The Dexcom G6 CGM System uses a small sensor beneath the skin and wirelessly transmits that data for storage. The data can be tracked in real-time on smart devices, including phones, tablets, and watches, or shared with up to 10 people. As with most IIoT devices, it includes a sensor, transmitter, and receiver. 


Dexcom G6 CGM

The Dexcom G6 CGM System allows users to track blood glucose levels on their smartphones. Image used courtesy of Dexcom


The sensor takes glucose readings from the user’s interstitial fluid and wirelessly transmits the data using a Bluetooth Low Energy (BLE) transceiver. The receiver is a BLE-enabled display device, which is either a G6 CGM receiver or a Bluetooth-enabled smart device with the appropriate mobile application installed. 

Data analysis takes place on the receiver or smart device, but it can also be further processed via Dexcom CLARITY. This online software package makes it easier to transmit data to healthcare providers.


IIoT Tool: Smart Infusion Pumps

Wireless infusion pumps are another example of IIoT in the healthcare industry. Infusion pumps provide patients with medicine and nutrition in the form of IV fluids. Infusion pumps can present a host of challenges to healthcare workers, including alarms indicating all of the fluid has been administered or that a blockage exists. 

With wireless infusion pumps, IV administration is oversight, not to mention the relative ease with which software and firmware updates can be applied.

Among the leading manufacturers of wireless infusion pumps are Alaris, B. Braun, Q-Core Medical, and Baxter International. The Baxter Smart IV Pump, for example, is integrated with a patient’s EMR (electronic medical records) to transmit data about treatment and issues for automated documentation as well as receive data about the patient’s medication orders.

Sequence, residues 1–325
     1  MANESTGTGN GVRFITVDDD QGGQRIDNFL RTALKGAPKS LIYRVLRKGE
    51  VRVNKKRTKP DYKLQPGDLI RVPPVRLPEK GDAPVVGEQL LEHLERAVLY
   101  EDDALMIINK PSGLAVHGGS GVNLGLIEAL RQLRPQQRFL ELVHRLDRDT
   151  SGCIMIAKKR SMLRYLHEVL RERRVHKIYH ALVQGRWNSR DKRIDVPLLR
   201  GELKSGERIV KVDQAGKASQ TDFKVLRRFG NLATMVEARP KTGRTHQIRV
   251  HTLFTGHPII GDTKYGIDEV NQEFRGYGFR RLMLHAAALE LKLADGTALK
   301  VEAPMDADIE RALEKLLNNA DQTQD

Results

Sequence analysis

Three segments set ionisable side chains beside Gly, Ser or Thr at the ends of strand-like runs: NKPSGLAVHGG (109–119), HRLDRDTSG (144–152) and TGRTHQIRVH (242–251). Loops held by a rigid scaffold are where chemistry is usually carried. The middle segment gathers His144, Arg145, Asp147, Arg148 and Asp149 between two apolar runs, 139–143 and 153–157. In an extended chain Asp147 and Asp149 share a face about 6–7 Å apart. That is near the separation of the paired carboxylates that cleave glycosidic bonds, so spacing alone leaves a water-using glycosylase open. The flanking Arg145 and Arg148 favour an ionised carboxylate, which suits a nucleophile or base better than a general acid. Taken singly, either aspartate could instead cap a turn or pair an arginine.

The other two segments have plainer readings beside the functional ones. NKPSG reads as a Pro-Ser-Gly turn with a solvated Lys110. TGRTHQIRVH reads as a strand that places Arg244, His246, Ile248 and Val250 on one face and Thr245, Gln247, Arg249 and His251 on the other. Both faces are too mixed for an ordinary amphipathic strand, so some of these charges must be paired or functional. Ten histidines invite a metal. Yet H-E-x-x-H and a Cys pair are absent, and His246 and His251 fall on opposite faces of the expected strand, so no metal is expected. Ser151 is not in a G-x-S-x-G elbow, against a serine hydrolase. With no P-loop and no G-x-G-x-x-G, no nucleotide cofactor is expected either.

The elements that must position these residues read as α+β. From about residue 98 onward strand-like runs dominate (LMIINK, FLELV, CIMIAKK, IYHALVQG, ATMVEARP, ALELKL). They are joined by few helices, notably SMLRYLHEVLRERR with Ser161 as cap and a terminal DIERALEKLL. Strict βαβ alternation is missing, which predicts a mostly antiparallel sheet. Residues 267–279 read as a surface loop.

In addition to access to drug libraries and automated updates for those libraries, the Smart IV Pump provides an overview of analytics for multiple patients in a clinical setting. 


Baxter Smart Pump

The Baxter Smart IV Pump combined with the Spectrum IQ Infusion System leverages IIoT technology to support patient safety and aid healthcare providers. Image used courtesy of Baxter


While locating detailed electronic specifications of this particular pump may be difficult, it does have sensors (including force and pressure sensors) to monitor pump conditions and detect issues with blockages or an empty IV bag. Also included in this smart infusion pump would be both a receiver and a transmitter. 

The wireless receiver accepts information related to patient treatment, updates medication libraries, and updates software. The wireless transmitter sends data to the EMR system as well as notifications and alarms to healthcare providers responsible for the patient. 


Medical IIoT and COVID-19

The worldwide outbreak of COVID-19 has resulted in more emphasis on IIoT capabilities in healthcare settings. The ability to wirelessly monitor, record, and set alerts for more than vital signs helps protect patients and providers during a viral outbreak. The ability to quickly and seamlessly transmit patient data to the healthcare providers using Cloud capabilities is also vital during a pandemic. 

Wirelessly sharing data makes it possible for doctors and researchers to track trends and spot outbreaks more rapidly. The use of robotics has also been key to efforts involving sanitation and item delivery, such as linens or food.

IIoT in healthcare and medicine has become widely accepted across the world by providers and patients alike. Wearable devices support users’ health and enhance the type and amount of information available to their doctors. Similarly, smart clinical tools make treating patients less prone to error and thus safer for everyone involved.